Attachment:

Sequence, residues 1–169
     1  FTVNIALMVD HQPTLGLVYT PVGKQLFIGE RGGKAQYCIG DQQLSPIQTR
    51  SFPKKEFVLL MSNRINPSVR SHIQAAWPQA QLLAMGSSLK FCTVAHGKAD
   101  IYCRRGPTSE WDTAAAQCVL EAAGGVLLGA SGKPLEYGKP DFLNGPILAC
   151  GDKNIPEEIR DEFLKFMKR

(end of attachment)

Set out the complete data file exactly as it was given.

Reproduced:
Sequence, residues 1–169
     1  FTVNIALMVD HQPTLGLVYT PVGKQLFIGE RGGKAQYCIG DQQLSPIQTR
    51  SFPKKEFVLL MSNRINPSVR SHIQAAWPQA QLLAMGSSLK FCTVAHGKAD
   101  IYCRRGPTSE WDTAAAQCVL EAAGGVLLGA SGKPLEYGKP DFLNGPILAC
   151  GDKNIPEEIR DEFLKFMKR